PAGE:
Leprosy is a chronic indolent mycobacterial infection mainly of the skin.
Rare since WHO eradication programmes.
Leprosy is found primarily in Africa and Asia.
Leprosy is caused by an intracellular acid-fast bacillus, Mycobacterium leprae. The mode of transmission is un-certain and the incubation may be many years.
Five patterns of disease are recognised that are dependent on the immunological response of the individual (see Table 9.8).
There are two immunological reactions that may occur in borderline or lepromatous leprosy.
Reversal reaction (lepra type I) is seen following treatment of borderline leprosy. It is a type IV hyper-sensitivity reaction resulting in acute inflammation characterised by erythema and oedema of skin lesions, accompanied by neuritis.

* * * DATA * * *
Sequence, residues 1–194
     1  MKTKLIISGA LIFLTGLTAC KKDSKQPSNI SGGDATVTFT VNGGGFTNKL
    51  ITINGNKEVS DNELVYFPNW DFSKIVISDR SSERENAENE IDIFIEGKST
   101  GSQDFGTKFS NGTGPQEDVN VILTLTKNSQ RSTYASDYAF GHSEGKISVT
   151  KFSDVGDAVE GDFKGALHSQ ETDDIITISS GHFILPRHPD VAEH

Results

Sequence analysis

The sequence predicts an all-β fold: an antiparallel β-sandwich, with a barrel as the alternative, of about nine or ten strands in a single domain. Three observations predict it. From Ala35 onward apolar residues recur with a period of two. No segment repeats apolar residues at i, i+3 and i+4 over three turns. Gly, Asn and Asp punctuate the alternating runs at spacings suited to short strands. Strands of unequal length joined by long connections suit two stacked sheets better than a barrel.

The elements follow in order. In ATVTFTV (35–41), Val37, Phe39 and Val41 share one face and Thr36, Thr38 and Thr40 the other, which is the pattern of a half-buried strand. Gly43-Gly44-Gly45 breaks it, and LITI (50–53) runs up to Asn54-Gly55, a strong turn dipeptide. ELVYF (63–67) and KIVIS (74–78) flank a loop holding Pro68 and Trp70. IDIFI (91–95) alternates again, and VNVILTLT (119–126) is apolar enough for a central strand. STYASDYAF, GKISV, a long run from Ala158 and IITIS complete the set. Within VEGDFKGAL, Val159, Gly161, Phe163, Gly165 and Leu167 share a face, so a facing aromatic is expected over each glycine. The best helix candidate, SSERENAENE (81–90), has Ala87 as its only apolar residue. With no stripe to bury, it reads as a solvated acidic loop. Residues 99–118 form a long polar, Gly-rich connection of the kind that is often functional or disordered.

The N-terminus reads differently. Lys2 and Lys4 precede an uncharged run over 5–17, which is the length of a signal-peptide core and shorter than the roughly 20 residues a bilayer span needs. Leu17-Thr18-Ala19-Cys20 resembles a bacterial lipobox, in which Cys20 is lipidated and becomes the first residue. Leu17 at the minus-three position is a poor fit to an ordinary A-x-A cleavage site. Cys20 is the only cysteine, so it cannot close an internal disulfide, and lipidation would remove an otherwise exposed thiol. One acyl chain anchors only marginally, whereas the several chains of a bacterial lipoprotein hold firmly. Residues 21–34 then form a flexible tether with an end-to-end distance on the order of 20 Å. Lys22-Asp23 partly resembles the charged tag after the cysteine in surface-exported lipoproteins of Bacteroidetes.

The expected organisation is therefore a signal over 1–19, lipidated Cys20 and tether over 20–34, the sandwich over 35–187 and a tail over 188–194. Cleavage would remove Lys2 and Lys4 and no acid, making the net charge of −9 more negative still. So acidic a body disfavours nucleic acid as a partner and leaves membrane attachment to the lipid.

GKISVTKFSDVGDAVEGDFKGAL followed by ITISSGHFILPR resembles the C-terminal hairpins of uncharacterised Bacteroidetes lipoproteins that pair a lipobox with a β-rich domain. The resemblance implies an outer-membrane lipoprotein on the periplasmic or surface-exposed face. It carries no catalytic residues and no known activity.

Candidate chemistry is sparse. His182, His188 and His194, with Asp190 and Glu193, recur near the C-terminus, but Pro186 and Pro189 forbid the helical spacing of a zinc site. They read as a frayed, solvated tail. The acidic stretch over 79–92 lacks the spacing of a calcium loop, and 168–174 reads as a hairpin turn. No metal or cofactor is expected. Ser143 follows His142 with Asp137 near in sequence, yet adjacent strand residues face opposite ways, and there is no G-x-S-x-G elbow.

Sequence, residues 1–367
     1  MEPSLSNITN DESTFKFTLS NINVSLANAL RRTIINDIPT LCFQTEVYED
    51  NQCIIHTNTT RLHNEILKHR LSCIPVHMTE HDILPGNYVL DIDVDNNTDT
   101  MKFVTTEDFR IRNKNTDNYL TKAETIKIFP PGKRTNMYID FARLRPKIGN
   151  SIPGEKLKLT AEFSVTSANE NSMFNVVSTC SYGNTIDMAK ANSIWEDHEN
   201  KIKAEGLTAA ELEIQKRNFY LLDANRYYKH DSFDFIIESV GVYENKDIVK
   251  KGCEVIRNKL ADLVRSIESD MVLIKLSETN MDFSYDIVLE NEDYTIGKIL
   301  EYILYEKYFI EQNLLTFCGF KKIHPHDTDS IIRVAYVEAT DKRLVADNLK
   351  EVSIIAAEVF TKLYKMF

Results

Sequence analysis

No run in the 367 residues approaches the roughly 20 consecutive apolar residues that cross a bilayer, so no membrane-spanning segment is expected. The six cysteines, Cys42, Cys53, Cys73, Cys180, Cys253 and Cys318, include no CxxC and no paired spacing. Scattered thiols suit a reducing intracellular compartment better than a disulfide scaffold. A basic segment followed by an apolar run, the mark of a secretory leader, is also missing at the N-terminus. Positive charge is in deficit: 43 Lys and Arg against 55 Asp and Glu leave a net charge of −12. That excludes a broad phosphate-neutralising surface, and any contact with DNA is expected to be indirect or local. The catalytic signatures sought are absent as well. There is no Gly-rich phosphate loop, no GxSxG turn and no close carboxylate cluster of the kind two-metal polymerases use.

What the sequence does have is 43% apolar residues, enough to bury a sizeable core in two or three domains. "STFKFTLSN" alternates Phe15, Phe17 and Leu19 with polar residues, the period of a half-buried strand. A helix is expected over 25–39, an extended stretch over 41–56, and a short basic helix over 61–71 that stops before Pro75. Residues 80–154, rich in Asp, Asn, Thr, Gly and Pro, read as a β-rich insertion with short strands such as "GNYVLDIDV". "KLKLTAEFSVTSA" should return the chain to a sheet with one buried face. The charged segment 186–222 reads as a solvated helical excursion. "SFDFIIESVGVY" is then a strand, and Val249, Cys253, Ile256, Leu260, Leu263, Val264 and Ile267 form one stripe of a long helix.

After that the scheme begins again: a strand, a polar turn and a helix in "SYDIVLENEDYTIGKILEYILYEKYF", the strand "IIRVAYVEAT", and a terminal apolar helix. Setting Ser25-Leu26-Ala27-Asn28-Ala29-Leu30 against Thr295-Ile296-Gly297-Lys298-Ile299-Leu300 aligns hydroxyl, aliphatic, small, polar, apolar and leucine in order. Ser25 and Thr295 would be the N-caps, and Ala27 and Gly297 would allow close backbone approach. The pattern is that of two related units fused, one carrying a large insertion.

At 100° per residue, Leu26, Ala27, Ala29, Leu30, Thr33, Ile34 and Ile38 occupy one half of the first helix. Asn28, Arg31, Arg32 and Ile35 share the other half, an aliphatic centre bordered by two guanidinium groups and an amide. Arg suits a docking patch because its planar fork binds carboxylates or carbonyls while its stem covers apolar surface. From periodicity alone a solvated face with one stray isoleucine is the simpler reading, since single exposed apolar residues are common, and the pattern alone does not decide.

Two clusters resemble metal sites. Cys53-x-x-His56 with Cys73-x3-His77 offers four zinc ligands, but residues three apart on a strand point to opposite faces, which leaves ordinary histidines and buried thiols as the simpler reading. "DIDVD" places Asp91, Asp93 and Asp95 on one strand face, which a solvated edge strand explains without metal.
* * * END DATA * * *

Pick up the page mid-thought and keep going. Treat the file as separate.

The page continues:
Erythema nodosum leprosum (lepra type II) is a type III hypersensitivity reaction seen in boderline and lepromatous leprosy. It is characterised by fever and multiple erythematous tender nodules.
The diagnosis is clinical but can be confirmed with demonstration of acid-fast bacilli in skin scrapings. PCR can be used.
Patients are treated with dapsone and rifampicin. Clofazimine is added in BB, BL and LL types. Patients may require surgery and physiotherapy for deformities. Reversal reaction is treated with prednisolone. Erythema nodosum leprosum is treated with analgesia, chloroquine, clofazimine and antipyretics (thalidomide has also been used).